Liked by 1 person

    • Thank you. I meant to write something humorous for Halloween, but it didn’t work out the way I intended. One of those times when the character about whom you are writing takes on a life of his own. Thank you! I’m still surprised since I wasn’t planning to get serious. Maybe Death is one of those things about which it’s hard to be light-hearted.

      Liked by 1 person

      • You’re welcome. I read it as serious AND humorous at the same time. Your character Death had some great dialog, not laugh-outloud-funny but wry and sardonic. Possibly even ironic? I think your Death character is how he should be portrayed – with intelligence not ghoulishness. More Christopher Walken than Bela Lugosi. Speaking for myself the blogs are saturated with Halloween-ish posts but yours is a timeless piece for any month and I’m glad you wrote it exactly as-is.

        Liked by 1 person

        • Really thank you! Comments like yours make my day — and also remind me WHY I do this. Sometimes, when blogging is in a lull as it seems to be right now you wonder why you bother. Then, YOU come along and I realize there IS a reason and life gets just a little bit better.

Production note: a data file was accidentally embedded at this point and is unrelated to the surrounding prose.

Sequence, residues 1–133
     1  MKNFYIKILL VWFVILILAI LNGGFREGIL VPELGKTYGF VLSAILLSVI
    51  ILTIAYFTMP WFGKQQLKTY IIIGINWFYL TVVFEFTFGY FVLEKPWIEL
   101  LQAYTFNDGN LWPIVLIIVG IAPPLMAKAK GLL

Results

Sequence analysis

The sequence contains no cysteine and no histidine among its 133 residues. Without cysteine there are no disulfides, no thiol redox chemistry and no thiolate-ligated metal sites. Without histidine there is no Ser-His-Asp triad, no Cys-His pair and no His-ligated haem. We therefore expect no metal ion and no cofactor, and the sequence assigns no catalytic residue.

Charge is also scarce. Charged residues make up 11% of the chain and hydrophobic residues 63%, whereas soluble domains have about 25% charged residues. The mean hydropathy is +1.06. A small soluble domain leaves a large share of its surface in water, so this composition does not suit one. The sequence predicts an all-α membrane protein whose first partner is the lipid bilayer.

Liked by 1 person

          • How kind of you to say, thanks. There is a lot of dross out there and reading you and Garry is a welcome antidote. Some people just seem to crank ’em out willy-nilly but your blog is written with care and intelligence and passion.

            Like

            • Which is probably why I can’t turn out writing every day. But pictures, now THAT I can do every day, as long as I spend most of the day making the pictures ready for posting. I think it’s bedtime, but first — the shower!

              Liked by 1 person

              • I’m with you. The writing is the challenging part. They don’t say “a picture is worth a thousand words” for nothing! Your photos are great and from a reader perspective you have a good balance between photos and essays.

                Like

                • That is my intention. Sometimes I’m not ready to read but I can always look.

                  Liked by 1 person

                  • Yep I get it. The other day you used the word “lull”. I thought about that and treated my self to a Saturday lull and did not post in the morning like I always do. What a fantastic lull it was. No stress from WordPress at all. I just may have another lull soon. You get credit for inspiring it. Thanks for that!

                    Liked by 1 person